Ending the Filibuster Wars

Empowering individual lawmakers.
A deal Majority Leader Harry Reid could love. Photographer: Win McNamee/Getty Images

Minority Leader Mitch McConnell is talking about restoring the 60-vote filibuster on nominations if Republicans win a Senate majority this year. I very much doubt he will follow through, but if he is looking for a truce in the filibuster wars, here are my suggestions for a deal that would make sense for both sides. Not after November, but right now.

To succeed, however, it would require Republicans to accept that they aren't going to be able to block high-priority nominations, at least when majority Democrats are united.

Here's what a compromise could look like:

On executive-branch nominations, no change. Keep simple-majority confirmation. Filibusters on these nominations were almost unheard-of until Barack Obama became president. And for good reason: Presidents should be entitled to their choice of personnel except in rare cases.

On judicial nominations, a middle ground is available: Peg the number of votes required to defeat a filibuster to the size of the majority. Or, rather, make the number of votes required to sustain a filibuster equal to the size of the minority plus one (in a 55-45 Senate, it would take 46 votes to defeat cloture). Democrats would be able to confirm a nominee as long as they are united, and Republicans would be able to make that an uncomfortable vote.

QuickTake The Filibuster

On post-cloture time: It makes sense to limit the amount of time before a vote is held. But the specific mechanism chosen during this Congress (reducing post-cloture time for relatively minor positions) is the wrong way to go. Instead, the 30-hour wait between cloture and a vote should be restored for all nominations, but it should be subject to a use-it-or-lose-it rule. That would allow Republicans (or any senator) to increase the cost of confirmation -- 30 hours of floor time is a big deal. It also would mean that if no one cares enough to impose that cost (or, more to the point, to make a credible threat of imposing it), then nominations without opposition could be confirmed relatively quickly.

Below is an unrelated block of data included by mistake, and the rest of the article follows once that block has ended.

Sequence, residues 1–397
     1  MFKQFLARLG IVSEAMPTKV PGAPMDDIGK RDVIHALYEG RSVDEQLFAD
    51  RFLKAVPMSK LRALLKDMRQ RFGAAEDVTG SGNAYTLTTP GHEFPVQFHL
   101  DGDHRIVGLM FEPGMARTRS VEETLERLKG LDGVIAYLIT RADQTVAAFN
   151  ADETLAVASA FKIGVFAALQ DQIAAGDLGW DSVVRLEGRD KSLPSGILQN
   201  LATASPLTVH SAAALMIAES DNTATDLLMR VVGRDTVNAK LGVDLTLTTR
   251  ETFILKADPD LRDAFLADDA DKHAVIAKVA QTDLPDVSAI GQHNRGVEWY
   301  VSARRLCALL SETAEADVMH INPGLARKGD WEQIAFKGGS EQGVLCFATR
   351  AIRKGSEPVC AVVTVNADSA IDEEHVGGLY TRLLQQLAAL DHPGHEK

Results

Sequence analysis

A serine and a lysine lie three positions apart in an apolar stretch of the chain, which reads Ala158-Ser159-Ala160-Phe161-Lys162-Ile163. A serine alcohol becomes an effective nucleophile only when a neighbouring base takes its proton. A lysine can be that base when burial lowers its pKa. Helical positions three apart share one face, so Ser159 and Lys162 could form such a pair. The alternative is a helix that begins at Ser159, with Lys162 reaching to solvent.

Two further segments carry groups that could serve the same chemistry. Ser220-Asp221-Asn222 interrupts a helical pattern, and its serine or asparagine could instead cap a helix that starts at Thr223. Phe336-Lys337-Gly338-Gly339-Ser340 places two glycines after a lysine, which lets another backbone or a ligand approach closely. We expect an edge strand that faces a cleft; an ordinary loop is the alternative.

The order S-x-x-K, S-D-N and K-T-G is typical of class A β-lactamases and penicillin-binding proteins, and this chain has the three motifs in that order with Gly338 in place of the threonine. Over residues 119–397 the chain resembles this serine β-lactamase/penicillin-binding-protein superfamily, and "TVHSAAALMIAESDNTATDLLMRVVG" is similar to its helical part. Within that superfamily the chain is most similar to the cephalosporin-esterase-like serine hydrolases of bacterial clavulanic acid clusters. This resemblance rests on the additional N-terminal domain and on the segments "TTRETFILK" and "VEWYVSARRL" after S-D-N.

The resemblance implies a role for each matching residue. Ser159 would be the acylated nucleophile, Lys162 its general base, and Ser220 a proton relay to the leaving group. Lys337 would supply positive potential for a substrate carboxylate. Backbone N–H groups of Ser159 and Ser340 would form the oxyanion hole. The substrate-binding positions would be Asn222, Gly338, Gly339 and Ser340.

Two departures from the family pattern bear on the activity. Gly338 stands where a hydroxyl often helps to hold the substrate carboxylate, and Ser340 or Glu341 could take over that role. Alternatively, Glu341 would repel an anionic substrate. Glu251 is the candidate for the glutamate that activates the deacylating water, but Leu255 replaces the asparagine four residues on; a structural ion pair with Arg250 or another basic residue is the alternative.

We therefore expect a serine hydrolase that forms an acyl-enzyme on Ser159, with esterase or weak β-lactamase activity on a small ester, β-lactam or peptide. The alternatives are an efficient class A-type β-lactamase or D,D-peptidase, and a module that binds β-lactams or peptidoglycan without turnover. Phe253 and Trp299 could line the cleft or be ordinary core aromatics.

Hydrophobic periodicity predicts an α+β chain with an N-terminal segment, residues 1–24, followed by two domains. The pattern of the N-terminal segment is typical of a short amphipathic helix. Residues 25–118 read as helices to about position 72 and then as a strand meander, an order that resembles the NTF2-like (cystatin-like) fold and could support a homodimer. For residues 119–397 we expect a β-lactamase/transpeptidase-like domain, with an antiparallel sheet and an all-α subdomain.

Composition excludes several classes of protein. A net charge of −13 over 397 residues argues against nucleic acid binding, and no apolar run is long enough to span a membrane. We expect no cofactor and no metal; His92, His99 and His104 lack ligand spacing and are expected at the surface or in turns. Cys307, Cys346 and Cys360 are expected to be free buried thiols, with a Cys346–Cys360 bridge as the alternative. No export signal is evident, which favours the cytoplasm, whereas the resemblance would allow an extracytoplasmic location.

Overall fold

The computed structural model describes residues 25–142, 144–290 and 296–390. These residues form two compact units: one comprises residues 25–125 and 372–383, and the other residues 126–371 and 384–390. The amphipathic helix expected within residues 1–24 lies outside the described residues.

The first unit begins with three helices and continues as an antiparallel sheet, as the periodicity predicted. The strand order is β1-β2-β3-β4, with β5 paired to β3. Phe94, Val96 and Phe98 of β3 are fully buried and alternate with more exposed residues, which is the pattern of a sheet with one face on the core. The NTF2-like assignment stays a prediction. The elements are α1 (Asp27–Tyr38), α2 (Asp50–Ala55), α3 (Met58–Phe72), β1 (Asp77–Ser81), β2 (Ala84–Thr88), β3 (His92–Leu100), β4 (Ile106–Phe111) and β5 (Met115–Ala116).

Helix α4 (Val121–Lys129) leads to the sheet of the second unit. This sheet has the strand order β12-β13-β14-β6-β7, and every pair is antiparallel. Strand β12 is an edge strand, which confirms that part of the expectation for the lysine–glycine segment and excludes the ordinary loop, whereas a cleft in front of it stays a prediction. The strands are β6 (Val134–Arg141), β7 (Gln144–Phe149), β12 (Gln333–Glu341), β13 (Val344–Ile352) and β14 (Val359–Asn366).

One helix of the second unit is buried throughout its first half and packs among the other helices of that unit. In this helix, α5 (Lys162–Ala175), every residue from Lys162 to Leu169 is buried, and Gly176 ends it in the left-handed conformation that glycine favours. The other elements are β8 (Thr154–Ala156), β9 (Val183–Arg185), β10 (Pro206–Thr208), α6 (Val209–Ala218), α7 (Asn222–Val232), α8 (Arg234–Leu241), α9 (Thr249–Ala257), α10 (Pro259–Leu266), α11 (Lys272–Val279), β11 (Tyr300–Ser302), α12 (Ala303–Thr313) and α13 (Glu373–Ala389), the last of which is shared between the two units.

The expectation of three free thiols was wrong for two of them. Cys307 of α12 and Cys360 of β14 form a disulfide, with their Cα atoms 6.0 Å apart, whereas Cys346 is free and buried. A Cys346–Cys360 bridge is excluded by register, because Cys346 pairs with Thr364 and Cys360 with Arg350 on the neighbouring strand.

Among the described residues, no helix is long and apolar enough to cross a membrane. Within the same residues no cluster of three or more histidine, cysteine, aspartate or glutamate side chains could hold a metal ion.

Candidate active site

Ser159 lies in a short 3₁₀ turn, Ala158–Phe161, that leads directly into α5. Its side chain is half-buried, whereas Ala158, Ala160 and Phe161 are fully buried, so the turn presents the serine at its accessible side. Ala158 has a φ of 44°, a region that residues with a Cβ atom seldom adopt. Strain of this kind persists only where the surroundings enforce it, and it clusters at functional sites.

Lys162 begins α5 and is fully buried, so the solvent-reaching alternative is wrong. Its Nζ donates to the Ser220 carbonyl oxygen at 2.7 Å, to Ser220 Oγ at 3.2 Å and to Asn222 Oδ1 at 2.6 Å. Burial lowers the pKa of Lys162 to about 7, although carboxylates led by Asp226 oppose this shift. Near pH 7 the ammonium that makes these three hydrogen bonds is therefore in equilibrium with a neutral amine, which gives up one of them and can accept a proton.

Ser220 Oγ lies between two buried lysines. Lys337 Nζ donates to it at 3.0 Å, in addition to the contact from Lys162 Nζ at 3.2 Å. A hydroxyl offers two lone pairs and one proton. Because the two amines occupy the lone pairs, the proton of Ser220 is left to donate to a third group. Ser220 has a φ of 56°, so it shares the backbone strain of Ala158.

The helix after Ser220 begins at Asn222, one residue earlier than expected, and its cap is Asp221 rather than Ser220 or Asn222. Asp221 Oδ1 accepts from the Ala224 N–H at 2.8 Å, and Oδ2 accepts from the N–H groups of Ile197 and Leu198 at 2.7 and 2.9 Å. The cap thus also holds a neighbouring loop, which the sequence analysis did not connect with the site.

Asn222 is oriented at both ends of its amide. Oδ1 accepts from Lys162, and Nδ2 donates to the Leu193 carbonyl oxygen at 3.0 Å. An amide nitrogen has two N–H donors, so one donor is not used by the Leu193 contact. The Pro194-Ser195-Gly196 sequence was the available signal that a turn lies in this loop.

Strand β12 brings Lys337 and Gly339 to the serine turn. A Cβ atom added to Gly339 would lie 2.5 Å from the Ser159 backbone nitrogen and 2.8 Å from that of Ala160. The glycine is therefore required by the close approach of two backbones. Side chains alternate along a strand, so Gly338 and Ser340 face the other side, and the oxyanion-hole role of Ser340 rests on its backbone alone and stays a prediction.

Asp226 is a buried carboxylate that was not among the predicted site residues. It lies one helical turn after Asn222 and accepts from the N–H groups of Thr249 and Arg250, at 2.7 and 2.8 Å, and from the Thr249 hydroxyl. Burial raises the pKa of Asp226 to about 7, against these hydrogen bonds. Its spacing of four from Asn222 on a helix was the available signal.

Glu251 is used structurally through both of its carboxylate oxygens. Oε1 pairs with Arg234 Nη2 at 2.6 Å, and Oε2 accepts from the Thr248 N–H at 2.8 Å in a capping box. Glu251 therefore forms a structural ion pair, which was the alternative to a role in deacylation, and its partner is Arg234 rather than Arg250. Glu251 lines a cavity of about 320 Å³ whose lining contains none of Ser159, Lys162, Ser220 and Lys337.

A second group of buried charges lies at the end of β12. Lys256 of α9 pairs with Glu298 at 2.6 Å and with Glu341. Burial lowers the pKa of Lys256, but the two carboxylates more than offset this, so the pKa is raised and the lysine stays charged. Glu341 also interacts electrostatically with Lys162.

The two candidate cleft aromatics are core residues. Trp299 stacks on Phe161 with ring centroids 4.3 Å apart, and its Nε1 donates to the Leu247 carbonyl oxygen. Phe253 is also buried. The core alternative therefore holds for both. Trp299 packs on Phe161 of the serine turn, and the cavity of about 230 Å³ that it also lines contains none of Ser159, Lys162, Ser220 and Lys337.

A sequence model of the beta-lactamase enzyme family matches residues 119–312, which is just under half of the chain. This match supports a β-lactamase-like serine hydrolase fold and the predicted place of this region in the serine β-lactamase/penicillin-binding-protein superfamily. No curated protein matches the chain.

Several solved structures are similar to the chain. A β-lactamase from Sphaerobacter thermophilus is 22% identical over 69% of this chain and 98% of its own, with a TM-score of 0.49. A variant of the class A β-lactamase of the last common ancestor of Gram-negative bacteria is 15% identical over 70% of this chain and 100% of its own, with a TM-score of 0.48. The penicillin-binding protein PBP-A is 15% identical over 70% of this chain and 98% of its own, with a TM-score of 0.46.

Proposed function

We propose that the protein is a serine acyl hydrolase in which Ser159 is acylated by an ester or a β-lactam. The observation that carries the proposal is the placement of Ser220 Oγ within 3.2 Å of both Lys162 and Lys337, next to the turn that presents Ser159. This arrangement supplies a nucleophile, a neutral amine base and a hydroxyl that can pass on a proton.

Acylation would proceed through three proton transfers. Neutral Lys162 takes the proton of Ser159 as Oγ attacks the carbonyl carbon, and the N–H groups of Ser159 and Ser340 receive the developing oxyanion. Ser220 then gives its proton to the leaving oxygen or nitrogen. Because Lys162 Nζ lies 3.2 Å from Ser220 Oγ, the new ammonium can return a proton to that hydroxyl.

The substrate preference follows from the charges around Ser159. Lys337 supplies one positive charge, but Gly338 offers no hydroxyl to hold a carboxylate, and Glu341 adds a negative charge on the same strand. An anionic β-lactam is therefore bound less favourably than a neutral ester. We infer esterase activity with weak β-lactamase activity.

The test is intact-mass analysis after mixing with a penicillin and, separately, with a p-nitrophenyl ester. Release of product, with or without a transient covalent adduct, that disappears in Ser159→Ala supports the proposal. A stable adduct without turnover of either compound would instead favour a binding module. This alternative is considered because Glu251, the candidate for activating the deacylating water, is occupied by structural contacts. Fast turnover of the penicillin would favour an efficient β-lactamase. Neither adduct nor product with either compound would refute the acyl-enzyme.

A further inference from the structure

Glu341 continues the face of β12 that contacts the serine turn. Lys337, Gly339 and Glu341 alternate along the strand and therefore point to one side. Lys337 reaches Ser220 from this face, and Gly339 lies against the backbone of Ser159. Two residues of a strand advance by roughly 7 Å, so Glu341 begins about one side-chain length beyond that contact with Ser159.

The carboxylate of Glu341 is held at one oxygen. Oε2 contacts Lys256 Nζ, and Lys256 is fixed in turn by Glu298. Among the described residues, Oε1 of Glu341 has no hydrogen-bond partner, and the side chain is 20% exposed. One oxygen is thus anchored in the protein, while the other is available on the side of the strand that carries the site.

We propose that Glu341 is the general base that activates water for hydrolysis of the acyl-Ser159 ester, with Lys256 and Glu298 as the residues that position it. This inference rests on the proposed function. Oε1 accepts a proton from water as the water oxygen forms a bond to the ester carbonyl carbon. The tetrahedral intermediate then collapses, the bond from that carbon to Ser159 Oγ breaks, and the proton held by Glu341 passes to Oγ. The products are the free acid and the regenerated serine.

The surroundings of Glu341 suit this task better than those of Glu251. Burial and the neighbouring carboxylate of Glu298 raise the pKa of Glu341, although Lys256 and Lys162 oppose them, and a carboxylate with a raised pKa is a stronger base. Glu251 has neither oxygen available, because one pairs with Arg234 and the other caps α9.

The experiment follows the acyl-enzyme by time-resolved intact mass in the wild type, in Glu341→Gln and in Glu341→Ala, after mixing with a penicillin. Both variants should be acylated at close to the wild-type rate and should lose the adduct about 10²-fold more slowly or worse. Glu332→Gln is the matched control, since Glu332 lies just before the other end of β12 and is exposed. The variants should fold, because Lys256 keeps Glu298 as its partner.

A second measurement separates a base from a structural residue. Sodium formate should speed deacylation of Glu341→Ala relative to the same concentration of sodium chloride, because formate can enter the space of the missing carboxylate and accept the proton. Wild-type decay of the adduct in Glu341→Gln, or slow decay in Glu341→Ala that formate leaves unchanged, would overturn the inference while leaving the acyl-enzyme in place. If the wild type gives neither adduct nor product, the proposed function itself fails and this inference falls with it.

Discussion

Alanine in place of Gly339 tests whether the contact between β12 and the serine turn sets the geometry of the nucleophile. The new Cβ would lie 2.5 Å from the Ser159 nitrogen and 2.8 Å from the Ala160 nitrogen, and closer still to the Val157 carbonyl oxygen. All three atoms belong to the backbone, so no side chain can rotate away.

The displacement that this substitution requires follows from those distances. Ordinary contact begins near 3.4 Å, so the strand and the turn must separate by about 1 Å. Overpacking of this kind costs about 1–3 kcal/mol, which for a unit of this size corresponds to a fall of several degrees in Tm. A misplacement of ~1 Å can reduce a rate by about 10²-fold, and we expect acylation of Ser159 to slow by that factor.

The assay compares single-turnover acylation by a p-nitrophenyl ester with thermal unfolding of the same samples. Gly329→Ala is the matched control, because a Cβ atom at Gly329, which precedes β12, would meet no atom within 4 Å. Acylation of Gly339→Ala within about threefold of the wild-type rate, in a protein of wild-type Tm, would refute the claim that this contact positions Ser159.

These changes would allow Democrats to reduce or end the foot-dragging that Republicans have used this session on most nominations. As for Republicans, under current circumstances, they have hardly any chance of stopping a judicial nomination; the most they can do is delay it a bit. But under my proposal, it's at least possible that they could foil the nomination of one or more "extremist" judges, if all they need to do so is to persuade one Democrat. If they fail, at least they could claim that each Democrat was the key vote who put those judges over the top.

OK, this wouldn't mean big gains for either party. But it could be beneficial for individual senators. Partisan confirmation wars are terrible for lawmakers, because it reduces them to mere party-line votes. As I've argued, the current situation makes individual holds useless (here's a somewhat different view from Josh Huder). Cutting a deal now might make the Senate a lot more stable, and halt the slide towards a fully partisan, House-like chamber. And that would be good for every senator who wants influence.

None of this is likely to happen. I don't think Republicans want a deal, which is why they brought upon themselves the majority-imposed reform by blockading three D.C. Circuit Court seats. And I think at least half the Democrats don't want a deal, either. But we would have a better Senate if they could agree to something like this.

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